Connecticut Opioid
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Opioids are psychoactive chemicals. They can occur naturally in the resin of the poppy plant or can be made in a laboratory. Opioids that are derived from the opium poppy are called opiates. Opioids work by binding to opioid receptors in the brain and other parts of the body. There are three main types:

  • Natural opiates, including morphine and codeine
  • Semi-synthetic opioids, including oxycodone and heroin
  • Synthetic opioids, including fentanyl and tramadol
More about commonly misused opioids:
     Heroin  -   Fentanyl  -   Prescription opiods


There are many misperceptions about opioids and opioid use disorders. Here are some of the most common myths, debunked:

Myth:  Opioids are the most effective drugs for chronic and acute pain.

Truth:  Studies have not shown opioids to be significantly more effective than other drugs at relieving chronic pain and have found that opioids have [more severe side effects] than other pain treatments.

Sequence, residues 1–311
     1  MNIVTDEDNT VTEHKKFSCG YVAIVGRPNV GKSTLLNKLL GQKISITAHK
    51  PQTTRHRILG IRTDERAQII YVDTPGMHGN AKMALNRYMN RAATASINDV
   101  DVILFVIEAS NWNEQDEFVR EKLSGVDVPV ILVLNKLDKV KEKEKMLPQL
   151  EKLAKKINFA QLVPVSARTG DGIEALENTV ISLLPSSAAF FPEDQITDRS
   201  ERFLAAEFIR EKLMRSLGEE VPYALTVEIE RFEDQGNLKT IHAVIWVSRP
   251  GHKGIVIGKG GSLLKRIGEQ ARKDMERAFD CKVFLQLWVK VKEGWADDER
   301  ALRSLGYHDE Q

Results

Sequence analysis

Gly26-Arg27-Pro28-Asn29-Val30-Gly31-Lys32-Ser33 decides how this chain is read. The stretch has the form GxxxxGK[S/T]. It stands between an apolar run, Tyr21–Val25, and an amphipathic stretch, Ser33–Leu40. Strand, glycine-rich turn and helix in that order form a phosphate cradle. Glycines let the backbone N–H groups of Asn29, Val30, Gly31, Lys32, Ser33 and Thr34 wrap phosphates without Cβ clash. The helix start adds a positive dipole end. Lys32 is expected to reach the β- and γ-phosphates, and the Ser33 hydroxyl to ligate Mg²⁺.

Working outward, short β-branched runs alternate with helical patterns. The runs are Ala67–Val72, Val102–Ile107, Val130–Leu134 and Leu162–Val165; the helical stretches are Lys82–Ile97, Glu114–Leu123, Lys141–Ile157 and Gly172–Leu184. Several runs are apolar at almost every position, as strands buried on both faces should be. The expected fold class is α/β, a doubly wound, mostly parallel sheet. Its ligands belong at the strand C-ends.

A [recent study] also concluded that treating acute pain with NSAIDs such as ibuprofen and acetaminophen was as effective as treating acute pain with opioids.

Myth:  Taking a medication to treat opioid use disorder is just substituting one addiction for another.

Truth:  The [medications] used to treat opioid use disorder are prescribed or administered under monitored, controlled conditions and have been proven to be safe and effective when used as directed. When used in maintenance settings, these medications are not substitutes for heroin or other opioids.

These medications save countless lives by helping individuals get stabilized and allowing them access to treatments for medical, psychological, and other problems so they can contribute effectively to their families and to society.

Myth:  Opioid use disorder always starts with an opioid prescription for acute pain.

Truth:  While prescription opioid use is a [risk factor] for illicit opioid use, it is just one of a number of factors that can lead to medication misuse or the use of illicit substances.

[Studies] show that only a small fraction of people who misuse prescribed pain relievers switch to heroin or other illicit opioids.

In fact, a [national survey] reported that less than 4% of people who had misused prescription opioids started using heroin within five years.


 © 2019 By Connecticut Opioid Response Initiative